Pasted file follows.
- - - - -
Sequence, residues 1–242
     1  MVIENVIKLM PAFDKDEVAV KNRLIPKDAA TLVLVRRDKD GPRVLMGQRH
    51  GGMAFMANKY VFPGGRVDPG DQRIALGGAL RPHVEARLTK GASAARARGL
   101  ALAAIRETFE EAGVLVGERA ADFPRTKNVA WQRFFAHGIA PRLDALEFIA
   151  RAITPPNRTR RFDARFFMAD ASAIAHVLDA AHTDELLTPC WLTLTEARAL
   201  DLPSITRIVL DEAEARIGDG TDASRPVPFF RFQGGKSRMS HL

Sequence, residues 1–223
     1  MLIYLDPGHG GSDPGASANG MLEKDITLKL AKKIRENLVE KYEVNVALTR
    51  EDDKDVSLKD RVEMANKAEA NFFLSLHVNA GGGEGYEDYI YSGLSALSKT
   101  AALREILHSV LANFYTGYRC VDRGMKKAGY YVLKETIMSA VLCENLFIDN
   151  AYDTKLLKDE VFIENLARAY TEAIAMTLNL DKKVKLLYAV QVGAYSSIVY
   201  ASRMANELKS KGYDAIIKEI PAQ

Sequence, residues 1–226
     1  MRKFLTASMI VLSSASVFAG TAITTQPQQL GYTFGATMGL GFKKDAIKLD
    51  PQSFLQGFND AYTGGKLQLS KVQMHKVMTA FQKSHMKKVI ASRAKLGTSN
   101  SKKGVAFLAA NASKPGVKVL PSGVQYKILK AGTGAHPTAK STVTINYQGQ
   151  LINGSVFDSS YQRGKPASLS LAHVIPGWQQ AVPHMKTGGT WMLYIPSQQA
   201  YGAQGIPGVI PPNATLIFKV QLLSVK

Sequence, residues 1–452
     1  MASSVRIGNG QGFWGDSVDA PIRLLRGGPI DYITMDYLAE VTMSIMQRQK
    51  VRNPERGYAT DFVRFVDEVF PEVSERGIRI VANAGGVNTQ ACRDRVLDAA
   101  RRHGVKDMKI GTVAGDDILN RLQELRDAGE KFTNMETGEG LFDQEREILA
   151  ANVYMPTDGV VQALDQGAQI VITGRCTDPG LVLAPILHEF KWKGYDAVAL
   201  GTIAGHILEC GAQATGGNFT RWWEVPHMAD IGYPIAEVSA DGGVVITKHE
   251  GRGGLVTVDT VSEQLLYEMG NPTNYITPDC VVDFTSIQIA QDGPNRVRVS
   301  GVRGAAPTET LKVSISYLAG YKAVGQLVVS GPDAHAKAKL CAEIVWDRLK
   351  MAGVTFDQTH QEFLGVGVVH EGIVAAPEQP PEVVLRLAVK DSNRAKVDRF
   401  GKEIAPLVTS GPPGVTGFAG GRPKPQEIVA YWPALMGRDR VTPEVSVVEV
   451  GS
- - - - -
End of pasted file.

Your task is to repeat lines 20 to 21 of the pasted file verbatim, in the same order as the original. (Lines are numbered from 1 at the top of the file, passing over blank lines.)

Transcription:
     1  MASSVRIGNG QGFWGDSVDA PIRLLRGGPI DYITMDYLAE VTMSIMQRQK
    51  VRNPERGYAT DFVRFVDEVF PEVSERGIRI VANAGGVNTQ ACRDRVLDAA